Abortion law is legislation and common law which pertains to the provision of abortion. Abortion has been a controversial subject in many societies through history because of the moral, ethical, practical, and political power issues that surround it. It has been banned frequently and otherwise limited by law. However, abortions continue to be common in many areas where they are illegal; abortion rates are similar in countries where the procedure is legal and in countries where it is not according to the World Health Organization (WHO), due to unavailability of modern contraceptives in areas where abortion is illegal. The number of abortions worldwide is declining due to increased access to contraception according to WHO. Almost 2/3 of the world's women currently reside in countries where abortion may be obtained on request for a broad range of social, economic or personal reasons. Abortion laws vary widely by country, ranging from those in Chile, El Salvador, Nicaragua, the Dominican Republic, Malta and Vatican City, which ban the procedure entirely; to those in the United Kingdom and the United States, which restrict abortion after the point of fetal viability; and those in Canada, Vietnam and China which have removed abortion completely from their criminal code.
Abortion in the United States has been legal in every state since the 1973 Supreme Court decision Roe v. Wade. Prior to the ruling, the legality of abortion was decided by each state; it was illegal in 30 states and legal under certain cases in 20 states. Roe established that "the right of personal privacy includes the abortion decision, but that this right is not unqualified, and must be considered against important state interests in regulation.".
Roe established a "trimester" system of increasing state interest in the life of the fetus corresponding to its increasing "viability" (likelihood of survival outside the uterus) over the course of a pregnancy, such that states were prohibited from banning abortion early in pregnancy but allowed to impose increasing restrictions or outright bans later in pregnancy. That decision was modified by the 1992 case Planned Parenthood v. Casey, which upheld the "central holding" in Roe that there is a fundamental right to privacy encompassing the decision about abortion, but replacing the trimester system with the point of fetal viability (whenever it may occur) as defining a state's right to override the woman's autonomy.Casey also lowered the legal standard to which states would be held in justifying restrictions imposed on a woman's rights. Roe had held this to be "strict scrutiny" - the traditional Supreme Court test for impositions upon fundamental Constitutional rights - whereas Casey created a new standard referring to "undue burden", specifically to balance the state's and the woman's interests in the case of abortion.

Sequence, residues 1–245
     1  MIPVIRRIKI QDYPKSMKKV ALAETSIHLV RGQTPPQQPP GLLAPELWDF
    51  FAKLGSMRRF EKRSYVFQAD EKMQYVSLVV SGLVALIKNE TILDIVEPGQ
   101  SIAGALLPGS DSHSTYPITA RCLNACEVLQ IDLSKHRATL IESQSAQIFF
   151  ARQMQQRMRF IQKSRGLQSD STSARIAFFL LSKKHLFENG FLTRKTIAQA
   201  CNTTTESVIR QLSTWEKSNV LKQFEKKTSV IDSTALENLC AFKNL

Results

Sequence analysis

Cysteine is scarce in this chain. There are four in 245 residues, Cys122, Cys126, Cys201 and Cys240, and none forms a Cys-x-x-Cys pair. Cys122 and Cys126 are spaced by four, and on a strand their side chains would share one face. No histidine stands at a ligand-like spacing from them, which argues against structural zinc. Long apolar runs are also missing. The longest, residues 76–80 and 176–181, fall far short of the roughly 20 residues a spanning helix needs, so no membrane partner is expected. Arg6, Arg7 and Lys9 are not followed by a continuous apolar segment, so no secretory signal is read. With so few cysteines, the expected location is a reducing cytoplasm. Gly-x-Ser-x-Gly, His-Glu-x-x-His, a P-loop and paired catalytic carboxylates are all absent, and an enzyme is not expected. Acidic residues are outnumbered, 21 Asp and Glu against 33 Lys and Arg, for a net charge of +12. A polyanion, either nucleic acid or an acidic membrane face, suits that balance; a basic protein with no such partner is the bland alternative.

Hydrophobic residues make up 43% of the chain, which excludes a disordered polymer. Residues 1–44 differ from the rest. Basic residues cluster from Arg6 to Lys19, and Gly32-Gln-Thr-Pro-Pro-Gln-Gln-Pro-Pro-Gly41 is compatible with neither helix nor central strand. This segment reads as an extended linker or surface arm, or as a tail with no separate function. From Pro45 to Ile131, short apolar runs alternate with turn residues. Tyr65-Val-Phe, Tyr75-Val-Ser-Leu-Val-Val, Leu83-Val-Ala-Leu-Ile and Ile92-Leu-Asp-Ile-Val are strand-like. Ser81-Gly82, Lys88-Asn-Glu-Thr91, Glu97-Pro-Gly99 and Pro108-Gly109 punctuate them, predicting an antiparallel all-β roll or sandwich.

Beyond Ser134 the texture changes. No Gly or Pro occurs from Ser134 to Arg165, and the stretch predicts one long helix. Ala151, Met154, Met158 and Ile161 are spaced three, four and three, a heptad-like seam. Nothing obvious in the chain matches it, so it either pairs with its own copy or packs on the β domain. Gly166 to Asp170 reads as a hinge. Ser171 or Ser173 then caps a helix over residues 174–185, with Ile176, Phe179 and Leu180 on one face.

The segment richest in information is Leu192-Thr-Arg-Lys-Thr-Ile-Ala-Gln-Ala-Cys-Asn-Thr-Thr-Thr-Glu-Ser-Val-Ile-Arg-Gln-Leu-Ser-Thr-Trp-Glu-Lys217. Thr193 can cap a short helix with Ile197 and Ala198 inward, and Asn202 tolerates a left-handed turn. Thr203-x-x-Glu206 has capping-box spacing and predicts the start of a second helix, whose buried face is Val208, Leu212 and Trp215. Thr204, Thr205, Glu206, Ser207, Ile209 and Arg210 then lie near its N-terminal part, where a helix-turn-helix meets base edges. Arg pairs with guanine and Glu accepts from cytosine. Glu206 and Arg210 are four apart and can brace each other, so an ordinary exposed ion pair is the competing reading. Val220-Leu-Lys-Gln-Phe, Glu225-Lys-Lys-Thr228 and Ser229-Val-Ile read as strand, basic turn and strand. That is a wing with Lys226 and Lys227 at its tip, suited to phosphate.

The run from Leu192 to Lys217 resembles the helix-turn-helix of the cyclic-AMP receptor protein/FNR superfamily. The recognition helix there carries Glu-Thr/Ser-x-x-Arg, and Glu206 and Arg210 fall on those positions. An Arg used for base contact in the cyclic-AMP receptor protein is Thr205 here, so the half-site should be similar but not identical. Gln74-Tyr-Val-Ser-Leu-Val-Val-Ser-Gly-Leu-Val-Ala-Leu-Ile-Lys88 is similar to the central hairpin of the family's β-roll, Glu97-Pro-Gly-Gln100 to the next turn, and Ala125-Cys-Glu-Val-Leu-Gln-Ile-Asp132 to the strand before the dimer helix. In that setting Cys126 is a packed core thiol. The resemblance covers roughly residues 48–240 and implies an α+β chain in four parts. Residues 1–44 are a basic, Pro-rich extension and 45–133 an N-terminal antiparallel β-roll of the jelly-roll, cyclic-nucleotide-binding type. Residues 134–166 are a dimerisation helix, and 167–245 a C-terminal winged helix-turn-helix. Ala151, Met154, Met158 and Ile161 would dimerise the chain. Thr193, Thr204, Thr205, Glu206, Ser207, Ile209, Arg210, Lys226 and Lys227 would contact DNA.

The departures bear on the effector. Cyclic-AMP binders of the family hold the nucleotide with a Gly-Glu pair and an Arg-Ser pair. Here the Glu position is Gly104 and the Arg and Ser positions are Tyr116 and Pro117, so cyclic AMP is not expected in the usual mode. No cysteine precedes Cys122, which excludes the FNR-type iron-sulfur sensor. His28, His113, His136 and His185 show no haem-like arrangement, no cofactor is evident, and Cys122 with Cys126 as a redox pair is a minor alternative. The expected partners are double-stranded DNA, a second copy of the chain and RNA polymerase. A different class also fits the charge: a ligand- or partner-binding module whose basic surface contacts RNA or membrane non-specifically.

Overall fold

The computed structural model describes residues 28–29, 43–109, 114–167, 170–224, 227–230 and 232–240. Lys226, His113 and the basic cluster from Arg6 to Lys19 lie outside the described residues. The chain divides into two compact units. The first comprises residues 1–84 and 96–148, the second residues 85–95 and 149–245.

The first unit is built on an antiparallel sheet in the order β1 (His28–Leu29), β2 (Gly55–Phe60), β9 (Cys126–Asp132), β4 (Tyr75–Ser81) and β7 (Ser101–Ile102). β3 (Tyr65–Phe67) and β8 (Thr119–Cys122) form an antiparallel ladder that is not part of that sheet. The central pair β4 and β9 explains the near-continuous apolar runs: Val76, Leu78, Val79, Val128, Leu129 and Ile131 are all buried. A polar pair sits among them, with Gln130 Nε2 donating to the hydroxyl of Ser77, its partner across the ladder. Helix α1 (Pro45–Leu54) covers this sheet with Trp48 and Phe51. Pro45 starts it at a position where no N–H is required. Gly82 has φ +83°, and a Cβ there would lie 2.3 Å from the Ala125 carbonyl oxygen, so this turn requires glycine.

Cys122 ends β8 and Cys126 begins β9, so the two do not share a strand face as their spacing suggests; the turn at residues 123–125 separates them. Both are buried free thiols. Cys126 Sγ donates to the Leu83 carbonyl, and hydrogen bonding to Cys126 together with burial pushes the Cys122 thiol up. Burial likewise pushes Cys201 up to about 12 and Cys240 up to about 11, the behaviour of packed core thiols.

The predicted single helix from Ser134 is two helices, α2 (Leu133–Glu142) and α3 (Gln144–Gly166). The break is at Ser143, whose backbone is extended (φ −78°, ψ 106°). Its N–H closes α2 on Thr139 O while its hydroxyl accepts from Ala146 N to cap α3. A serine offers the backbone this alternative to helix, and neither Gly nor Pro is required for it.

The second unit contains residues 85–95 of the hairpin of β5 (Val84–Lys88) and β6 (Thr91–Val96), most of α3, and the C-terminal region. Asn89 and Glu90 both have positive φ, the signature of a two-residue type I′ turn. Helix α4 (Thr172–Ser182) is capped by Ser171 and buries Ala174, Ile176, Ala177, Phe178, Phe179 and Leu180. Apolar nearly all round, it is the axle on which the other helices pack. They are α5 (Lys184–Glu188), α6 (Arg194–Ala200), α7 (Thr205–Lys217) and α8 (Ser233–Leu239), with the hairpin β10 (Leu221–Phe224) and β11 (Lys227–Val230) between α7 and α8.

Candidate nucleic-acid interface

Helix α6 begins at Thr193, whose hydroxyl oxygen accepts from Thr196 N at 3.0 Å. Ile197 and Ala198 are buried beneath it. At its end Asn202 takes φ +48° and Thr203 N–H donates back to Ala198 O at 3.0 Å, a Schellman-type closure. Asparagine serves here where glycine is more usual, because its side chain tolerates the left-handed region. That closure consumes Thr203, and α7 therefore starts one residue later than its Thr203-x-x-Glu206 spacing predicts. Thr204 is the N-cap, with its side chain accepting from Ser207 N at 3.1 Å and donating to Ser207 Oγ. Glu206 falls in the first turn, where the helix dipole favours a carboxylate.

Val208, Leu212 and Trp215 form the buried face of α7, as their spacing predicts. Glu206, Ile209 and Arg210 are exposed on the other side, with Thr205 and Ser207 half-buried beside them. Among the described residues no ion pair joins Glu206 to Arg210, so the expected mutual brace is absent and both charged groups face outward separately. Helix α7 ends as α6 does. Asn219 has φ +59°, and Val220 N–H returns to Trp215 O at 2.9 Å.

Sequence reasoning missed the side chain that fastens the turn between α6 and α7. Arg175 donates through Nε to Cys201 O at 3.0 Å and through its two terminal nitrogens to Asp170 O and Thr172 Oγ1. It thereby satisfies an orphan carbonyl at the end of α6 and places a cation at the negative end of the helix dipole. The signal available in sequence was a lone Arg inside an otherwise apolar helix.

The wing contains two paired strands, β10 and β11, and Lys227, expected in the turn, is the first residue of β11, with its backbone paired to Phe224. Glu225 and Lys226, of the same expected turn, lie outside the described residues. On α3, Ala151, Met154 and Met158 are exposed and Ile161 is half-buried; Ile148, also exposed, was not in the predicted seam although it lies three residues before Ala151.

Before Roe v. Wade, abortion was legal in several areas of the country, but that decision imposed a uniform framework for state legislation on the subject, and established a minimal period during which abortion must be legal (under greater or lesser degrees of restriction throughout the pregnancy). That basic framework, modified in Casey, remains nominally in place, although the effective availability of abortion varies significantly from state to state. Abortion remains one of the most controversial topics in United States culture and politics.
Support for the legalization of abortion is centered on the pro-choice movement (also known as the abortion-rights movement), a sociopolitical movement supporting the ethical view that a woman should have the legal right to elective abortion, meaning the right to terminate her pregnancy.
The opposing countermovement of pro-life campaigners (also called anti-abortion campaigners) generally argue for the rights of fetuses and for prohibition or restriction of abortion. Subscribing to different moral grounds than the pro-choice movement, pro-lifers hold the view that the human fetus (and in most cases the human embryo) is a person and therefore has a right to life.
A key point in the development of the movement in the U.S. was the decriminalization and legalization of elective abortion in various states following the U.S. Supreme Court's 1973 decision in Roe v. Wade, which struck down most state laws restricting abortion